Amazon’s Aurora database service (either MySQL or PostgreSQL) can prove to be a great option especially in terms of read performance (across regions too) owing to their ability to replicate quicker than RDS counterparts.

    स्रोत : blog.thundra.io

    Choosing a Database for Serverless Applications

    Learn the factors to consider when choosing a database with Serverless applications and AWS Lambda

    Guides & Tutorials

    Choosing a Database for Serverless Applications

    Alex DeBrie Jun 20, 2019

    When designing and building an application, one of the key considerations is which database to use. A poor decision here can cost you severely, either by requiring costly ongoing maintenance of a database or by forcing a sensitive data migration to another solution.

    In this post, we'll cover how to choose a database for your serverless application. With serverless applications, there are new elements to consider as compared to traditional, instance-based architectures.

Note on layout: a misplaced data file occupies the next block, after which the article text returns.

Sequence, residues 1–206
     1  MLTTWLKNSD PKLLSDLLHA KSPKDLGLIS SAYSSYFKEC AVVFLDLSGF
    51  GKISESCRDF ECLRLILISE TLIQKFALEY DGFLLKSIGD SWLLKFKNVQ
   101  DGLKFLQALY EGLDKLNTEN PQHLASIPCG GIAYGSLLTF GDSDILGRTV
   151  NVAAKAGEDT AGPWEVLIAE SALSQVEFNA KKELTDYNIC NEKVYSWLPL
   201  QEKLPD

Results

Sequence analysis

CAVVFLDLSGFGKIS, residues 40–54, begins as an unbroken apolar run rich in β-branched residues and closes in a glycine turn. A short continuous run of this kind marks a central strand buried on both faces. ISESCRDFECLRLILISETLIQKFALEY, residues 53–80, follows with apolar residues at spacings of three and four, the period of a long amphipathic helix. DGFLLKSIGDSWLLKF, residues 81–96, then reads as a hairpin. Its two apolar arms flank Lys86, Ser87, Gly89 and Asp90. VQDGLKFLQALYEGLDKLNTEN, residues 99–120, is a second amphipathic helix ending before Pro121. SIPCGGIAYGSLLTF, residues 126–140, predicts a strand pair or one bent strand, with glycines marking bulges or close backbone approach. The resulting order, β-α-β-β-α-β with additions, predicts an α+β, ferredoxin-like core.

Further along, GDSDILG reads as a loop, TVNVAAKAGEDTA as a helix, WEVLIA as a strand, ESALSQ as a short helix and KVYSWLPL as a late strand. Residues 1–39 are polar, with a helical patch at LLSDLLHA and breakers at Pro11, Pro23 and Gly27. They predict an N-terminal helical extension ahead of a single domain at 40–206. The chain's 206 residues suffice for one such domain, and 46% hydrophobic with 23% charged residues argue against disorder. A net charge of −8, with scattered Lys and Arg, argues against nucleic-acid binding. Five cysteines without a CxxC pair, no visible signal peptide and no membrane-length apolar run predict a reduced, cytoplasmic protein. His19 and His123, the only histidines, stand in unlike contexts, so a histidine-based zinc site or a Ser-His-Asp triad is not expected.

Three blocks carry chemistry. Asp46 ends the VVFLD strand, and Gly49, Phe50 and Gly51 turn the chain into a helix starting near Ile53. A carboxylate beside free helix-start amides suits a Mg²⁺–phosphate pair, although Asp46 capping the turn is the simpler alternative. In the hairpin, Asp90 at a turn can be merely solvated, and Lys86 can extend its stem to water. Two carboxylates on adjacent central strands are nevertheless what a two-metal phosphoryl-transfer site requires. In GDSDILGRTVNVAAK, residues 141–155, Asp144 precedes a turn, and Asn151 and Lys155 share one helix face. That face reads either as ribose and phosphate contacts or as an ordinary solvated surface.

This post will start with some key high-level factors that impact your choice of a serverless database. Then, we'll look at a few key categories of databases to see how well they fit with the key factors we've identified.

    The table of contents of this post is as follows:

    Key Factors for Serverless Databases

    Data model needs Connection model

    Infrastructure-as-code

    Fully managed Pricing model

    Serverless Database Categories

    Server-based, relational databases

    Server-based, NoSQL databases

    DynamoDB Aurora Serverless

    Key Factors for Serverless Databases

    Before we get too far, let's consider the different factors you should consider when evaluating databases for a serverless application.